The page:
The Reds kick off their continental campaign this week against Sevilla, whom they met in the Europa League final of 2016. Liverpool raced into a 1-0 lead at half-time, then unravelled in a 3-1 defeat.
At first it looked a freak collapse, but it has since fitted into a worrying pattern of mysterious capitulations. This pattern is what undermines any hope of Liverpool lifting the trophy.
Targeting the title might feel overly optimistic anyway, but let’s not forget that Liverpool lost none of their 10 league games against their top-six rivals last season. They tend to lose to small teams, not big ones. A tournament in which Barcelona replace Burnley should be ideal.
Yet nobody conquers Europe without being able to protect leads – a flaw that makes Liverpool look doomed. Most teams struggle when they concede the opening goal. For Liverpool, the problems often start when it's they who score first.
The first symptoms appeared long before the Sevilla debacle. Earlier that season, Liverpool had drawn seven league games at home under Jurgen Klopp; in six of these, they scored first. They had twice led by two goals. On those two occasions, their victors were not fellow top-four challengers, but Sunderland and Newcastle.
Last season went no better. Liverpool lost 18 points from winning positions, more than all but four Premier League teams. By comparison, Tottenham lost five. Liverpool also threw away points against big sides, squandering 1-0 leads at Tottenham, Manchester City and Manchester United. This makes a huge difference: hand Liverpool the ability to protect leads and you are looking at a red-hot title contender.
What are they doing wrong? One factor is that their high-octane style precludes total control over a game. Nobody can run like mad for 90 minutes. Since Liverpool play more frenetically than, say, the Barcelona of Pep Guardiola – who could rest with the ball and thus dominate from start to finish – they are bound to suffer slumps.
This creates a more inconsistent performance pattern; a valley of highs and lows. That might explain why Liverpool have staged so many thrilling comebacks under Klopp, yet also lost so many leads.
Clearly anyone can see out a lead when they score late to seal a fightback. The challenge for Liverpool comes when asked to defend a lead for longer periods.
Cracks and creaks
Take their opening-day visit to Watford. They went 1-0 down, then 2-1, but struck back to lead 3-2. There were 30 minutes left. What to do next?
Liverpool often choose to counter-attack. Their whirlwind transitions can rip teams to shreds on a good day – see the 4-0 win over Arsenal – yet their number of lost leads also denotes flaws. This directs attention towards their defensive structure, which has not been solid enough to fend off opponents during slumps. Particularly late on in games, Liverpool struggle to clear fusillades of long balls and free-kicks.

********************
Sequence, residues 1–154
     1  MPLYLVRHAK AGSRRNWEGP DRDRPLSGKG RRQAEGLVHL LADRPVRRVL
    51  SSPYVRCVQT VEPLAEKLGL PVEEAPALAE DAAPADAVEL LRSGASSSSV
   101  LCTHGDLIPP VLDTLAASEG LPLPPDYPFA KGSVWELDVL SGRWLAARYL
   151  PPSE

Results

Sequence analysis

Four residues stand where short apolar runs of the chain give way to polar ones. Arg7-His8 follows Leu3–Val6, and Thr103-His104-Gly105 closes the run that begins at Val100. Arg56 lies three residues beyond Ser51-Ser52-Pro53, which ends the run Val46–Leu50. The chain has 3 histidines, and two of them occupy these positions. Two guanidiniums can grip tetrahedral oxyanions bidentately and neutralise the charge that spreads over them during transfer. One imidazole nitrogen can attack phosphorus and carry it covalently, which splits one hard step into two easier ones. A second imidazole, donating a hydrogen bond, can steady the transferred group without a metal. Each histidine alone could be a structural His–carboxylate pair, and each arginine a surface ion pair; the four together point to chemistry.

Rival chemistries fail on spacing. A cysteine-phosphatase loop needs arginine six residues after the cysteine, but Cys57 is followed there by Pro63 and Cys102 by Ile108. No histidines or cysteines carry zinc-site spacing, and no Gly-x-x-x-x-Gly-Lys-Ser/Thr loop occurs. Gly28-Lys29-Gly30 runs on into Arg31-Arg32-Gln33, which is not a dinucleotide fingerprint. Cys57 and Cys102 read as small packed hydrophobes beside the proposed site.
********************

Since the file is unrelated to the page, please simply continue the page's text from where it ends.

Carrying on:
The other English candidates handle these tests better, partly because they are more robust. As an example, Antonio Conte can play three centre-backs, wing-backs who are both over 6ft, and a goalkeeper who wouldn't have looked out of place in the NBA. Chelsea score, close ranks and win, because their defensive structure holds up over 90 minutes. Since switching to 3-4-3 almost a year ago, they have dropped just seven points from winning positions.
At Spurs, Mauricio Pochettino protects his strong backline with Victor Wanyama, Mousa Dembele and Eric Dier. At Manchester United, Jose Mourinho can name a line-up that averages over 6ft 2in.
As a team based on pace and dynamism, Liverpool have a different profile altogether. They have goalkeepers who flap at crosses, small full-backs and a fast but fragile midfield. When they come under pressure, their defence often starts to creak. Opponents have a fair chance until the end; just ask Watford, who made it 3-3 from a corner in stoppage time.
While this issue would undermine Liverpool in any competition, it looks particularly hard to overcome in the Champions League, where good defending is practically the only way to slay the beasts that are Barcelona, Real Madrid and Bayern Munich.
Any prospective finalist is bound to come up against one of these – the trio have shared the five last titles between them. The games they've lost have usually been against one of the other two giants; only five times over the last four years have another team eliminated them. Each time their victors have been either Juventus or Atletico Madrid.
This brings us back to the magic recipe. To reach the final you either need the dazzling talent of the three giants, or the grit to repel it. The teams who have taken on the trio at their own game – by playing open, attacking football – have lost.
What has served Juve and Atletico so well is a mix of power, guile and discipline that has helped them withstand long periods of intense pressure. This quality is a necessity when at the Camp Nou or the Allianz Arena (and we might even be adding the Parc des Princes to that list soon, given the newly acquired attacking might of PSG).
The Sevilla lesson
In other words, Liverpool will need to show something special to upset the odds. They should make it out of their group alongside Sevilla, but in bigger games they’ll need ruthless efficiency to compensate for their creaking defensive structure.
Over the last four years, when Juventus and Atletico have knocked out a title favourite, they have never conceded more than twice over the two legs. Shipping three goals at Watford hardly bodes well for a prospective trip to the Bernabeu.
For that same reason, more pragmatic teams such as Chelsea and Manchester United stand a better chance than Liverpool of making a deep run.
Lost leads in Europe are not easily regained. Liverpool have already learned that the hard way – and might soon be about to do so again.
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